Due to the homogeneous expansion of space, every galaxy sees itself as being in the center of the universe. From its own perspective, all other galaxies are moving away from it. Can any sense be made of this concept of the “center” of the universe? Explain your answer.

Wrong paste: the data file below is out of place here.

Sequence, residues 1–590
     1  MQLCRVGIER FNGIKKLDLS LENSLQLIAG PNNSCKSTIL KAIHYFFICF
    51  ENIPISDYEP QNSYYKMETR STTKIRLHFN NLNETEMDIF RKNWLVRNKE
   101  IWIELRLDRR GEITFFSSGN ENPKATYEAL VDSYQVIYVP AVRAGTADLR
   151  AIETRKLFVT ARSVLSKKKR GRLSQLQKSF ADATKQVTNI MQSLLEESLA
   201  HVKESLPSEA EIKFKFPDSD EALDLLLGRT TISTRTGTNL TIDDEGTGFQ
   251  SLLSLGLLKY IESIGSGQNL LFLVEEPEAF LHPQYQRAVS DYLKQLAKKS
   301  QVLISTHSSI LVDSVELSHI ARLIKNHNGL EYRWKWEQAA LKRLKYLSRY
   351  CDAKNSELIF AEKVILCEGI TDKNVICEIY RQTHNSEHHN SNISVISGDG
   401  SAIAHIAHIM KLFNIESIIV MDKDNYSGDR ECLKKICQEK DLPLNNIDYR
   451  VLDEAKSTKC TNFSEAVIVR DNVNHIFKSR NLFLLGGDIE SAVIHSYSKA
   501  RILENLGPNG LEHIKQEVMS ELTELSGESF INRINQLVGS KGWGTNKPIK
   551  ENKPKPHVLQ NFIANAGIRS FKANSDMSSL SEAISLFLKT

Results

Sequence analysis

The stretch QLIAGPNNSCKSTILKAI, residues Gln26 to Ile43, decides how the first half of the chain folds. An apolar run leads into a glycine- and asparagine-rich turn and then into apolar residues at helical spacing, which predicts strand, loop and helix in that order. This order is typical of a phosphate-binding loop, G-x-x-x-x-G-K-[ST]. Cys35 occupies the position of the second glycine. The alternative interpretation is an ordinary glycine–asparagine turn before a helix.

As a cosmology layman, I have a hard time grappling with this notion. On the one hand, I could understand that all galaxies would lie on the surface of an expanding cosmic bubble. This would satisfy me as a reason for each galaxy moving away from each other at an increasing speed. But what about the interior of the bubble. Could it be empty? On the other hand, if matter and galaxies are evenly distributed in the volume of the universe and that it all started from a speck location somewhere, this location should be centrally located vis-à-vis the current universe volume, and, on the average, galaxies should be moving away from that location and it should be possible to measure the direction to it. I could even imagine that there could be multiple expanding and co-centric bubbles.
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